Still, Calcanis would have to choose his paid “Navigators” (as he proposed to call them) very carefully. What these people are already doing in the context of Digg or similar services might not easily translate to a less developed community.
Yes, I know there’s a strong community of Netscape users, but a service like this needs to develop its own user community and culture. I wouldn’t expect to get top quality offerings, or subsequent traffic, right off the bat. This effort will take time.
I think it helps that Netscape’s service attempts to cover a much broader range of topics than Digg. I think it will attract a different and more diverse kind of community, with a different culture.
The cultural aspect of this is where I think the money might get tricky after a while.
If you’re really trying to grow a sustainable community, permanent subsidies to a chosen few institutes a class system. And class systems usually yield tension and fragmentation in the long run — which undermines communities that are not bound together by an external structure (like a corporation, the Catholic Church, or the military).
If I were Calcanis, I’d propose making this offer in, say, three- or six-month arrangements to “seed” the new community — and also to clarify that this is not intended to create a permanent class system.
Also, I think it’s actually counterproductive to make this offer exclusive to Netscape. All of these social bookmarking services are different enough that they have tremendous collaborative potential. Why create resentment between communities (potential collaborators) by trying to buy off and lock up their leaders?
…Especially with geeks — they tend to hold grudges.
THE DAWN OF THE PROFESSIONAL AGGREGATOR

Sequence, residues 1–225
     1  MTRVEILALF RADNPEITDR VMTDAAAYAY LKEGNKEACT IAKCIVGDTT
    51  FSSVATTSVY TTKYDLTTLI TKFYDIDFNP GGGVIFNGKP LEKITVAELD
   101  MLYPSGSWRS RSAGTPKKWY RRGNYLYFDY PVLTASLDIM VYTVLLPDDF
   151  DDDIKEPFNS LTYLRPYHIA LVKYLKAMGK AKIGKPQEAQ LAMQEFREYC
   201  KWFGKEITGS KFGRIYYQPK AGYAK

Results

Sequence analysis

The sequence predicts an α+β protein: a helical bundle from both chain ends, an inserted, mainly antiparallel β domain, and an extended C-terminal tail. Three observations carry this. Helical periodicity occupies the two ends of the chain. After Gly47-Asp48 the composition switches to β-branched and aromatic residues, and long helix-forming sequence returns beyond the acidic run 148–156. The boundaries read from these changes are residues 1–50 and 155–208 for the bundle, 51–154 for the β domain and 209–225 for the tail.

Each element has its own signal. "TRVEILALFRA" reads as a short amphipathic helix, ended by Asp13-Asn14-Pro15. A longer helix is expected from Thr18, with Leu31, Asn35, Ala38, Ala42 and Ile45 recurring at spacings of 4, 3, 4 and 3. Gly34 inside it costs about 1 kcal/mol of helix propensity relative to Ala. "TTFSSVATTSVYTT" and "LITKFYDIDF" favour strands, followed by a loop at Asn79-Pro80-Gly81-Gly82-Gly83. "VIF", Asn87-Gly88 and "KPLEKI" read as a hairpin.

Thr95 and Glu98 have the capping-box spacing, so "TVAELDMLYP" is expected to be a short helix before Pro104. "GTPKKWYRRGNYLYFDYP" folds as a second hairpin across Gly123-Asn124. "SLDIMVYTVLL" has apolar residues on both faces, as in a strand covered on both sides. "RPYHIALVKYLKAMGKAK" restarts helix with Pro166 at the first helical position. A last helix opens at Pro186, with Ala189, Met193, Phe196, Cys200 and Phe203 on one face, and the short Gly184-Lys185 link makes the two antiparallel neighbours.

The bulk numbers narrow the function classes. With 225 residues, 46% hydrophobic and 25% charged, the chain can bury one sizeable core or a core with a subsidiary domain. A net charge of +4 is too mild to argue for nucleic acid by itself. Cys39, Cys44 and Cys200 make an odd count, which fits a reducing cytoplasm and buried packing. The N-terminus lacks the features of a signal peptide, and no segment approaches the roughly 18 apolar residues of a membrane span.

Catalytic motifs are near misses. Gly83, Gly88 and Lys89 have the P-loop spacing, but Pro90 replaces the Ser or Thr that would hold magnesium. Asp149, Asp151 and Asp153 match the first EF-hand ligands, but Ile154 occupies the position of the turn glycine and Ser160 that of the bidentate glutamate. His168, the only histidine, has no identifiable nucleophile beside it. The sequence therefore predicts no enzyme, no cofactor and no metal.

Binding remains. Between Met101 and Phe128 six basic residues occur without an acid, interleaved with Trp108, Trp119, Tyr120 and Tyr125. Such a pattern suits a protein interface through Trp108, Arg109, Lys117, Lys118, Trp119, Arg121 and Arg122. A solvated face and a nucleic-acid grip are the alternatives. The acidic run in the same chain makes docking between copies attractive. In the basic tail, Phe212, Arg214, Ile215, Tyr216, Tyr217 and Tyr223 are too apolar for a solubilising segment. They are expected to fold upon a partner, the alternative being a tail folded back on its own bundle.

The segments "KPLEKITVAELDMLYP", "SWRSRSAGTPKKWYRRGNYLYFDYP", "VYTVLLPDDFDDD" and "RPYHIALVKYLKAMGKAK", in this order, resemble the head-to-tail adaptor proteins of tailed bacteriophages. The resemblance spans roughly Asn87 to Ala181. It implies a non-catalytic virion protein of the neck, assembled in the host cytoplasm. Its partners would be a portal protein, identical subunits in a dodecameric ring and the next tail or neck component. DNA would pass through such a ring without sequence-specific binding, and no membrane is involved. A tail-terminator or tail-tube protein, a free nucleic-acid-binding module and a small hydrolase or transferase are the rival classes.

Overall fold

In the bigger picture, as collaborative and conversational media become more prominent and influential, we’re seeing the rise of a new profession: the professional aggregator.
We’ve always had people playing the aggregator role, collecting and sharing tidbits and links. Many have even made a living from it.
Some people, like my friend Randy Cassingham who publishes This Is True (a newsletter that aggregates funny true news stories, supplemented with his pithy commentary), have been making a good living from coupling savvy aggregation with good fact-checking, editing, and writing skills.
Also, there’s a long history in publishing and library science of people working as professional bibliographers — a job closely related to social bookmarking, if you think about it.
Of course, many people use their weblogs as aggregation venues — notably people who are fond of link blogging.
But even mainstream news organizations sometimes offer aggregations of related coverage from elsewhere. For the Christian Science Monitor, Tom Regan writes a daily update on news coverage of Terrorism and Security. Ditto with Jefferson Morley’s World Opinion Roundup blog on washingtonpost.com. Both are great example of news organizations transcending competitive tunnel vision to exercise their cooperative potential.
The aggregation task can be automated to some extent, too. Witness the “Who’s Blogging” and “Save and Share” sidebar boxes on any washingtonpost.com story — content supported by interfaces with Technorati and del.icio.us, respectively
Meanwhile, I’ve heard anecdotally of people sharing their del.icio.us pages (or certain tags or tag combinations from those pages) with colleagues or project teams — a clear example of the business value of aggregation service.
As media in general becomes more participatory, conversational, and collaborative, the cream will continue to rise to the top. And really good cream is worth paying for. High-quality, dedicated social bookmarkers (aggregators) create real value and myriad opportunities for organizations and communities.
I think Calcanis is on the right track for deliberately trying to professionalize aggregation services. And it will be interesting to watch how he navigates the thorny community politics within Netscape — and on the net at large.
Good luck, Jason …but maybe rethink the long-term plan a bit. Promising someone you’ll pay them for a whole year online sounds like a lifetime subsidy. Just a thought.